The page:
For a long time there was only the sound of the wind in the late afternoon Alone, thought Bittering. Only a thousand of us here. No way back. No way. No way. Sweat pouted out from his face and his hands and his body; he was drenched in the hotness of his fear. He wanted to strike Laura, cried, “No, you’re lying! The rockets will come back!” Instead, he stroked Laura’s head against him and said, “The rockets will get through someday.”
“Father, what will we do?”
“Go about our business, of course. Raise crops and children. Wait. Keep things going until the war ends and the rockets come again.”
The two boys stepped out onto the porch.
“Children,” he said, sitting there, looking beyond them, “I’ve something to tell you.”
“We know,” they said.
He looked with dismay at their house. “Even the house. The wind’s done something to it. The air’s burned it. The fog at night. The boards, all warped out of shape. It’s not an Earthman’s house any more.”
“Oh, your imagination!”
He put on his coat and tie. “I’m going into town. We’ve got to do something now. I’ll be back.”
“Wait, Harry! His wife cried.
But he was gone.
In town on the shadowy step of the grocery store, the men sat with their hands on their knees, conversing with great leisure and ease.
Mr. Bittering wanted to fire a pistol in the air.
What are you doing, you fools! He thought. Sitting here! You’ve heard the news – we’re stranded on this planet. Well, move! Aren’t you frightened? Aren’t you afraid? What are you going to do?
“Hello, Harry,” said everyone.
“Look,” he said to them. “You did hear the news, the other day, didn’t you?”
They nodded and laughed. ‘Sure. Sure, Harry.”
“What are you going to do about it?”
“Do, Harry, do? What can we do?”
“Build a rocket, that’s what!”
“A rocket, Harry? To go back to all that trouble? Oh, Harry!”
“But you must want to go back. Have you noticed the peach blossoms, the onions, the grass?”
“Why, yes, Harry seems we did,” said one of the men.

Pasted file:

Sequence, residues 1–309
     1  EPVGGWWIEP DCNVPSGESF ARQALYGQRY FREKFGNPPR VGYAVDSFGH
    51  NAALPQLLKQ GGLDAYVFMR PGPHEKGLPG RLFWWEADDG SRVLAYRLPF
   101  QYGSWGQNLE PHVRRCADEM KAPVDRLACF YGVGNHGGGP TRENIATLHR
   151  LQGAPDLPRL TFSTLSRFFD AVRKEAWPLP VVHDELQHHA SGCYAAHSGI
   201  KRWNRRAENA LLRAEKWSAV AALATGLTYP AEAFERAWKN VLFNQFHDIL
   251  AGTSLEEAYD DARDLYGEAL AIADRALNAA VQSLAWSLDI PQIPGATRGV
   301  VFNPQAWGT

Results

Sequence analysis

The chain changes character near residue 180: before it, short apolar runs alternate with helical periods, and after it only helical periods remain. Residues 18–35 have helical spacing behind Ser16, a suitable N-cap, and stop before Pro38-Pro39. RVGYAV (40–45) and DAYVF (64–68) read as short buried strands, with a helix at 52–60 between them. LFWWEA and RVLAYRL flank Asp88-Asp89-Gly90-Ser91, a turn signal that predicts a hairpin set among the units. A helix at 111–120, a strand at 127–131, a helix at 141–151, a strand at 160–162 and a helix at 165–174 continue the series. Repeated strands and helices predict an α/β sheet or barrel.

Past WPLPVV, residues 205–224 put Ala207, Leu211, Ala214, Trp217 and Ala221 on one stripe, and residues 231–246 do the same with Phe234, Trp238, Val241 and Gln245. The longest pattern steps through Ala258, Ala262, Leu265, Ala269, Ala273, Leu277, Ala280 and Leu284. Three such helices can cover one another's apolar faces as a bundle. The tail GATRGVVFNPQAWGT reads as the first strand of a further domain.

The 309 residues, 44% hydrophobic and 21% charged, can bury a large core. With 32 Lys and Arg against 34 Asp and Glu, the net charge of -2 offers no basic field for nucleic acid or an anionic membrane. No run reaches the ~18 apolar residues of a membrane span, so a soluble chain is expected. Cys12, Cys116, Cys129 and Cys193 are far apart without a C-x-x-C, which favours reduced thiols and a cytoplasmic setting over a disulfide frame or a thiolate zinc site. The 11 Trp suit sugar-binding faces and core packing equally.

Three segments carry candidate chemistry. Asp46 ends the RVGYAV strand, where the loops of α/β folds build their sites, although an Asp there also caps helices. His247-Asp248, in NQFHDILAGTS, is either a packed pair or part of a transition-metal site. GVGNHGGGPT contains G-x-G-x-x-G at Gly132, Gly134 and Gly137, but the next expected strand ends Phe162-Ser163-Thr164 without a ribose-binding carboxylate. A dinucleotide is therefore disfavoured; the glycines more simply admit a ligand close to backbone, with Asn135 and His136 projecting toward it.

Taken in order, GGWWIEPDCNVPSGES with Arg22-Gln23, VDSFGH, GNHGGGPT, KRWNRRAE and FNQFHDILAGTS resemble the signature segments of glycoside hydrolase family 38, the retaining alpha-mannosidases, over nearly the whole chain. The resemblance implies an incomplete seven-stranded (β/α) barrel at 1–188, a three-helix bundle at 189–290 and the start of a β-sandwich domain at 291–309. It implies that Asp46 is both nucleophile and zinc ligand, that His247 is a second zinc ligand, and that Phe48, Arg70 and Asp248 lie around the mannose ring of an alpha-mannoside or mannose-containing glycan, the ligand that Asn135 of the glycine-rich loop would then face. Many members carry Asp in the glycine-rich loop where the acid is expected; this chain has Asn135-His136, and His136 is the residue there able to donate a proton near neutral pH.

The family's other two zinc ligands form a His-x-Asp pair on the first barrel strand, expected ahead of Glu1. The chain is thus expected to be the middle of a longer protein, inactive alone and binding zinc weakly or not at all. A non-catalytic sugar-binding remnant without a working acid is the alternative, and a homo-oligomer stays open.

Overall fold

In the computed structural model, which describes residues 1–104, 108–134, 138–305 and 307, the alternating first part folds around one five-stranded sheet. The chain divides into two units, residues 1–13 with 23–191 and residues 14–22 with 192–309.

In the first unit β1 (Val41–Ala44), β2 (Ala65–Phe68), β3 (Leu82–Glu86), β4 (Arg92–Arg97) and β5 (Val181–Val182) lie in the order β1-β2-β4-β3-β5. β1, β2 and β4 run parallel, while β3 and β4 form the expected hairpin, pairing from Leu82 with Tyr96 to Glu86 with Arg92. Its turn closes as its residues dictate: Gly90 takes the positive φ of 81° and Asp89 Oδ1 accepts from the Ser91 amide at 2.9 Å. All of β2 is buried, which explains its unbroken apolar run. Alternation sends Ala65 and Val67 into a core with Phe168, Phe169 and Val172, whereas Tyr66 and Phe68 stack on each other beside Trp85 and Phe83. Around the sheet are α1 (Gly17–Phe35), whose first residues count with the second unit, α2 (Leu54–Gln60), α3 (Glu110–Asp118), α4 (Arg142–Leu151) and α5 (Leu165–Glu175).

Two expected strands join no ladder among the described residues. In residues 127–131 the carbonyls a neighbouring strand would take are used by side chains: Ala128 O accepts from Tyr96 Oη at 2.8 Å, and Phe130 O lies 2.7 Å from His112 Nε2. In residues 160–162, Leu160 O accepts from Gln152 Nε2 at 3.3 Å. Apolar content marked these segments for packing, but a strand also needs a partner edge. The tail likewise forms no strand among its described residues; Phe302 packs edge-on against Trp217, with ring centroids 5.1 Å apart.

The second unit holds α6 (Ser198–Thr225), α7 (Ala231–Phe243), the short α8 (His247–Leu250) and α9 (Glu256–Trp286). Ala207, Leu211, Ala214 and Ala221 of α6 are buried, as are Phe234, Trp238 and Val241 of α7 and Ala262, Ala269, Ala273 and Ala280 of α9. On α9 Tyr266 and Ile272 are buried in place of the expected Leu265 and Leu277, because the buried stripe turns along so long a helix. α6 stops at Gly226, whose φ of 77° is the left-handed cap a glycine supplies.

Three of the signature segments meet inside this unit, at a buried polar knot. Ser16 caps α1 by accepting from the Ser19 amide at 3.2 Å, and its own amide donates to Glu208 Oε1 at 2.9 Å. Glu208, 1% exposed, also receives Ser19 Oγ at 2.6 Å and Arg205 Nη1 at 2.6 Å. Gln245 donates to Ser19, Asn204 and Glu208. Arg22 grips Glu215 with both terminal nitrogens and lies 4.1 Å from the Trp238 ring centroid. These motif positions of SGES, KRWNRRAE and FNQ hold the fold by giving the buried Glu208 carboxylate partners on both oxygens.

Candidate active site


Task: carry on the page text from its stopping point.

“Doesn’t it scare you?”
“Can’t recall that it did much, Harry.”
Bittering wanted to cry, “You’ve got to work with me. If we stay here, we’ll all change. The air. Don’t you smell it? Something in the air. A Martian virus, may be; some seed, or a pollen. Listen to me!”
They stared at him.
“Sam,” he said to one of them.
“Will you help me build a rocket?”
“Harry, I got a whole load of metal and some blueprints. You want to work in my metal shop on a rocket you’re welcome. I’ll sell you that metal for five hundred dollars. You should be able to construct a right pretty rocket if you work alone, in about thirty years.”
Sam looked at him with quite good humor.
“Sam,” Bittering said, “Your eyes-“
“What about them, Harry?”
“Didn’t they used to be gray?”
“Well, now, I don’t remember.”
“They were, weren’t they?”
“Why do you ask, Harry?”
“Because now they’re kind of yellow-colored.”
“Is that so, Harry?” Sam said, casually.
“And you’re taller and thinner—“
“You might be right, Harry.”
‘Sam, you shouldn’t have yellow eyes.”
“Harry, what color of yes have you got?” Sam said.
“My eyes? They’re blue, of course.”
“Here you are, Harry.” Sam handed him a pocket mirror. “Take a look yourself.”
Mr. Bittering hesitated, and then raised the mirror to his face.
There were little, very dim flecks of new gold captured in the blue of his eyes.
“Now look what you’ve done,” said Sam a moment later. “You’ve broke my mirror.”